Who doesn’t like kittens, so what better way to explain data augmentation than to use kittens. Data augmentation is a technique where you use data points (f.e. Images of kittens) that are already labeled and do transformations on them. The assumption is that the label will not change by doing these transformations. Still, the image looks like a totally different combination of 1’s and 0’s and thus as a new learning opportunity to the model. These transformations can be rotations, scaling, adding noise etc for images, but it is also used in Natural Language Processing by using SOTA translating models to translate a sentence to another language and back, so small perturbations occur on it. One of the more advanced examples is using generative models to produce ‘new’ data points.

For us, this looks like almost the same picture of the same cat. For a ML model, this looks like a set of totally different images.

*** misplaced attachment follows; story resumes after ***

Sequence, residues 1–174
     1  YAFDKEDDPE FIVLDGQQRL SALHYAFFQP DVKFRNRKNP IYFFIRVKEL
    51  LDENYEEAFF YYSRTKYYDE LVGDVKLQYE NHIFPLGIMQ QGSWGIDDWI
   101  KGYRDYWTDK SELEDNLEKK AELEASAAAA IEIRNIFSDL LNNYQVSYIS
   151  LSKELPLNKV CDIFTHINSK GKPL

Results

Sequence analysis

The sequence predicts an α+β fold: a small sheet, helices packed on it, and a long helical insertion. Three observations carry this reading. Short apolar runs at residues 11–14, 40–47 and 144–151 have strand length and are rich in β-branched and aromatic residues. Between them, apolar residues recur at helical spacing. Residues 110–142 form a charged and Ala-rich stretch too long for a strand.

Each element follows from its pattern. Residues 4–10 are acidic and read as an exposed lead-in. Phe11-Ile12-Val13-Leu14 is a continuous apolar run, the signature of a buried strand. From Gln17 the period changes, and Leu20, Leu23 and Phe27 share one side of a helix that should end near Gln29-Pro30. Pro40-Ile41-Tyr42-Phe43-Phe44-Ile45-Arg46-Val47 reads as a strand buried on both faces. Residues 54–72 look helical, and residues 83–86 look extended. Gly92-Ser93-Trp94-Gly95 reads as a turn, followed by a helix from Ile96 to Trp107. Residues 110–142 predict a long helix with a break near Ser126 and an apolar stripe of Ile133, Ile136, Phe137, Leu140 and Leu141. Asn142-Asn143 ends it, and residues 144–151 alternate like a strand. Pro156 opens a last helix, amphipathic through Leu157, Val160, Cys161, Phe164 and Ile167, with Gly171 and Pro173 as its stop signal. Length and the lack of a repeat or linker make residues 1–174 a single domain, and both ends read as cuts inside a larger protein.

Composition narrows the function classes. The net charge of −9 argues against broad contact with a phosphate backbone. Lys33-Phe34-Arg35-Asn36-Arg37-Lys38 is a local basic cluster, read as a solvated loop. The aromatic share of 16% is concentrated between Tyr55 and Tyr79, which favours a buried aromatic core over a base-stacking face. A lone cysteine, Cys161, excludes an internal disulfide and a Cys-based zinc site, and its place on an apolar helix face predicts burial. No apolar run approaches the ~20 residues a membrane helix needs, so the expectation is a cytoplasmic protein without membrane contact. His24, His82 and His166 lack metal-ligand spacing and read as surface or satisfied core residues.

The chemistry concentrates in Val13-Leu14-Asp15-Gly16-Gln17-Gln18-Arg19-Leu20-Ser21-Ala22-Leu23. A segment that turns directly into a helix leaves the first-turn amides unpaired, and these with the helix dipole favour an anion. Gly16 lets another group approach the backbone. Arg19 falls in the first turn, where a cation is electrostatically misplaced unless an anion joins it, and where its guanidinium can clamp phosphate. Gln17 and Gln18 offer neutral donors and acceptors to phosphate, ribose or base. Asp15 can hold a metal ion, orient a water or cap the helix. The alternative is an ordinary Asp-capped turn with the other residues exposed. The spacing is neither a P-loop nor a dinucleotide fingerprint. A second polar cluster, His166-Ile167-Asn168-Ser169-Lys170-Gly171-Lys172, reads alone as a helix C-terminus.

Unsupervised learning

Supervised learning uses labels to show your model what is good and wrong, and your model can learn from that. That is the most standard case of machine learning. However, some algorithms can find patterns in your data without even having labels. Unsupervised learning. The most known algorithms are clustering and anomaly detection. You can make use of it by finding groups of similar data points first and then see if these groups make sense and label the groups rather than labeling every data point. Say you have 5000 data points per group, I’d say that can save you a lot of effort!

Self-supervised learning

Self-supervised learning is also a hot topic in the AI world at this moment. Instead of getting labels provided by humans, the algorithm provides itself with labels. How? By making use of the data it already has. In NLP, for example, the model can look at a text, leave a word out, and try to predict the missing word based on its context. By doing that, it can learn structure in data, and this actually leads to the SOTA LMs that have taken a big step in the last years. These language models can then be used to do a downstream task such as question-answering or summarization based on limited sets of data.

Mix it up!